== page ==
Here, the evangelist Luke uses the term skirtan, which means 'to skip' or 'to hop' [even more graphically, 'to dance a jig'], the same term that we find in one of the ancient Greek translations of the Old Testament to describe the dance of King David before the holy Ark when it finally returned home (2Sam 6,16).

John the Baptist, in his mother's womb, dances in the presence of the Ark of the Covenant like David, thus recognizing that Mary is the new Ark of the Covenant, before whom the heart exults with joy - she is the Mother of God who is present in the world, who does not keep the divine presence to herself but offers Him to all so that everyone may share in God's grace.

Thus, as the prayer says, Mary is truly the 'causa nostrae laetitiae' (the reason for our joy, the 'Ark' in which the Savior is truly present among us.

Dear friends, we are speaking of Mary, but in a way, we are also speaking of ourselves, of each of us: We too are destined to receive that immense love that God reserved for Mary - though, of course, in an absolutely unique and unrepeatable way for her.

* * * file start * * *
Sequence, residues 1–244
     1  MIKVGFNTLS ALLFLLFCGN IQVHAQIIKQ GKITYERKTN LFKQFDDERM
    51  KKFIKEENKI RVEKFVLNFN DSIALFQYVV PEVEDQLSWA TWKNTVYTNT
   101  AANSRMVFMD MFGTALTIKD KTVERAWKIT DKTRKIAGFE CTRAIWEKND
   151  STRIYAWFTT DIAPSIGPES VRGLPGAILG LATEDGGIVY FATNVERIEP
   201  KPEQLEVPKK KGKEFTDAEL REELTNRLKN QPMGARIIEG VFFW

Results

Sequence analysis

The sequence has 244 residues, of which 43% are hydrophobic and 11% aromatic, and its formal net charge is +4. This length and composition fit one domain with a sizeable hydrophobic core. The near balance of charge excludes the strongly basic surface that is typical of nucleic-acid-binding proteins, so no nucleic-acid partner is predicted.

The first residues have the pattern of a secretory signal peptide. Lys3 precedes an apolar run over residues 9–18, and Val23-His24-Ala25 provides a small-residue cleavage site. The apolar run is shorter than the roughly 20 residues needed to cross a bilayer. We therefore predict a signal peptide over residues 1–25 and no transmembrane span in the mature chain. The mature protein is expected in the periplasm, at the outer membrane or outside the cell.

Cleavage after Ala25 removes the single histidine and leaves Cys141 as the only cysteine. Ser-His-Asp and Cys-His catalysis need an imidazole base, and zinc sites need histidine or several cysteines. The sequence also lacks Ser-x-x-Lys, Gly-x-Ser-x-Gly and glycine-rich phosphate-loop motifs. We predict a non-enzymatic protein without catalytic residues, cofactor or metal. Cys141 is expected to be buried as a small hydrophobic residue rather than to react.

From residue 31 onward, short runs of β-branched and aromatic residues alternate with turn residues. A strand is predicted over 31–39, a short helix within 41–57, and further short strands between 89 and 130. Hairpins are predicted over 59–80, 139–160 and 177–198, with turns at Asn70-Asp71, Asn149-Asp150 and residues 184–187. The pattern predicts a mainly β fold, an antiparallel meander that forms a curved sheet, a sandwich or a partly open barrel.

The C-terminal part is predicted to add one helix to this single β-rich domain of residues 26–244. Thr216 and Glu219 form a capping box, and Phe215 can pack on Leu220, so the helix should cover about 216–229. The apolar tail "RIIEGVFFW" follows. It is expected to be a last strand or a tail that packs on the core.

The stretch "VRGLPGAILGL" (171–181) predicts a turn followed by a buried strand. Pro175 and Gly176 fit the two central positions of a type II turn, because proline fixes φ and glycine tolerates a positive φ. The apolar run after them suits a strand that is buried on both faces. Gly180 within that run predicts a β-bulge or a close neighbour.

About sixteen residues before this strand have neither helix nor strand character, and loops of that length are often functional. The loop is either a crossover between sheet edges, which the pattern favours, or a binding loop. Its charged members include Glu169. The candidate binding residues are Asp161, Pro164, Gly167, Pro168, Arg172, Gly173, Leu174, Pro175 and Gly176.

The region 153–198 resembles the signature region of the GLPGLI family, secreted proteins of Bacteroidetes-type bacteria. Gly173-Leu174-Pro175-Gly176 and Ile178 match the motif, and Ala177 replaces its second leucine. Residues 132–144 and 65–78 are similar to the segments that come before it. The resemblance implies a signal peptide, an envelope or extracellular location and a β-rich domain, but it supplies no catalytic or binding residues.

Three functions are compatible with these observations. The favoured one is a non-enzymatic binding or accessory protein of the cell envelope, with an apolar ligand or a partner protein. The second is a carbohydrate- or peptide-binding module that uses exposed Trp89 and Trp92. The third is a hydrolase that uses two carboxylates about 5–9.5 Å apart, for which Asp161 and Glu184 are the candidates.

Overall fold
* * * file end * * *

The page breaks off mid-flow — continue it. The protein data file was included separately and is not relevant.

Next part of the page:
On this Solemnity of the Assumption, let us look to Mary: She opens us to hope, to a future full of joy, and she shows us the way to reach it: to welcome her Son in faith, never to lose friendship with Him, but to allow ourselves to be enlightened and guided by His Word; to follow Him every day, even during the times we feel that our crosses have become too heavy.

Mary, the Ark of the Covenant who is enshrined in Heaven, shows us with luminous clarity that we are on a journey towards our true home - the communion of joy and peace with God. Amen!